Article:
I found one. I went there. I explained why.

It worked out well at first.

She didn't understand why I would quit coloring my hair either, but she respected my decision and she did a nice job cutting my hair.

So now I have light gray hair in front and dark gray in back and I'm reasonably OK with it.

But I've noticed my hairdresser--I'll call her Dawn because that's her name--although never bugging me about 'product', never stops talking.

Often, I would even go so far as to say usually, Dawn talks nonstop about some perceived slight someone or the other has dealt her just lately. There she is, waving very sharp scissors around my head, talking about the asshole of the week and why that person is a total fool.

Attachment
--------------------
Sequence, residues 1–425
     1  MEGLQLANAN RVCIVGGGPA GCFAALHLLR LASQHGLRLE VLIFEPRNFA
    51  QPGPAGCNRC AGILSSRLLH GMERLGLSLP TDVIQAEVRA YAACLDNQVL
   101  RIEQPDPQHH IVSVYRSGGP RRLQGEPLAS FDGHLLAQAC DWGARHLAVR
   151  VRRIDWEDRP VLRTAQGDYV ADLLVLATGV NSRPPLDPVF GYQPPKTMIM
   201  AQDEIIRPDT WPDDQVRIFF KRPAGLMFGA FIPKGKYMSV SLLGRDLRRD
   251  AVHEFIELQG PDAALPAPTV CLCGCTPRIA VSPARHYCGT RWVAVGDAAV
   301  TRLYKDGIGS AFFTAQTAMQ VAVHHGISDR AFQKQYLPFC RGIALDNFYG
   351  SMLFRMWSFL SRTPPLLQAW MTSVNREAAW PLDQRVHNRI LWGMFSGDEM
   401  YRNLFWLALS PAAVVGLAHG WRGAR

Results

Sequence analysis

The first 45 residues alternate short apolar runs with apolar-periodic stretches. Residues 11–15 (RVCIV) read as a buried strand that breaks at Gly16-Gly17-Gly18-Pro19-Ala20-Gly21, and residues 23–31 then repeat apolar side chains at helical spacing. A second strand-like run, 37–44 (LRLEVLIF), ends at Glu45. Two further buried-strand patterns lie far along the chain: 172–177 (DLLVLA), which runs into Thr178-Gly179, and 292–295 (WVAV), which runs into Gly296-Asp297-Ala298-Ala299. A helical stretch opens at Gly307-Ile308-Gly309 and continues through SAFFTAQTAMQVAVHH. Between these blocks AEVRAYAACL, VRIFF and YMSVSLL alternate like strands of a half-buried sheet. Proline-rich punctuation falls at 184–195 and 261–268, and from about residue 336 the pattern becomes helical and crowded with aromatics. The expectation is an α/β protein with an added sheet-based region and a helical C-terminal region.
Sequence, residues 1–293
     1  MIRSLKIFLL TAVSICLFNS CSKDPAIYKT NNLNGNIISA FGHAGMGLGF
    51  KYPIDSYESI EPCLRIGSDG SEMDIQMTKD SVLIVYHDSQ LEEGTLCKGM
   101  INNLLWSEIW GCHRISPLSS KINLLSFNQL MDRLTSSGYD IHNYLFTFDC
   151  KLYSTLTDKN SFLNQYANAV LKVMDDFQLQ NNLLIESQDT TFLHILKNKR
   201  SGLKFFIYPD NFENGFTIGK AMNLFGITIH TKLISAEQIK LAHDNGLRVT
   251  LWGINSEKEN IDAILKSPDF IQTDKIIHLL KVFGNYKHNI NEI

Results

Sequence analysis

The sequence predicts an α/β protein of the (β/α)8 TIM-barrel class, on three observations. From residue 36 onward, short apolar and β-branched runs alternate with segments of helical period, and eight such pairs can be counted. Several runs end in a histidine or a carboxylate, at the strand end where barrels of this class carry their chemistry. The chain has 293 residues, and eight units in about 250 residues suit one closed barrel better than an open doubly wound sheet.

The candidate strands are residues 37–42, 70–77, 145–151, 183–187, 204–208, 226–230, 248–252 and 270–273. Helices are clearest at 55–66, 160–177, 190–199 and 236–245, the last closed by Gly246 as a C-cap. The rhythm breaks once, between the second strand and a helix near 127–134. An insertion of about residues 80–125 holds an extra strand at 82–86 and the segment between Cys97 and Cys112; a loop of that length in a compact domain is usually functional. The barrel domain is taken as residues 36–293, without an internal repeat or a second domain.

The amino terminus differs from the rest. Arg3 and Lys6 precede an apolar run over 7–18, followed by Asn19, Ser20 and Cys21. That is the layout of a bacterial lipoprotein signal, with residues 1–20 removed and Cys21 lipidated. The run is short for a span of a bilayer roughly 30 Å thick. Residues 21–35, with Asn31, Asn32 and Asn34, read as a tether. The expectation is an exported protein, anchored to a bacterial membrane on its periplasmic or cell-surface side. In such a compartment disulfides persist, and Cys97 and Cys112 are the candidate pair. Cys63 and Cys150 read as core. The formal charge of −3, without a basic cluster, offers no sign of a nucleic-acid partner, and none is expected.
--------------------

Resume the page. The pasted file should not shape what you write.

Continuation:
This last time, the asshole of the week was a client who was complaining about the cost of a hair process she'd bought for her daughters. Dawn had even thrown in something for free, yet here was this woman complaining. Then, as if that wasn't outrageous enough, she quit coming back.

At this point, a shiver ran through me. Have I chosen the hairdresser from the Hotel California? Can I check in anytime I like but never leave? OMG, how could I have missed that?

How is it that any woman enjoys getting her hair done? Why don't I like "Steel Magnolias" or "Fried Green Tomatoes." Am I fat?  Is my hair fat? What's wrong with me?

Now I'm thinking about coloring my hair again.

I'm thinking, pink.

Grey and pink.

But I don't know...

Where do you get your hair cut?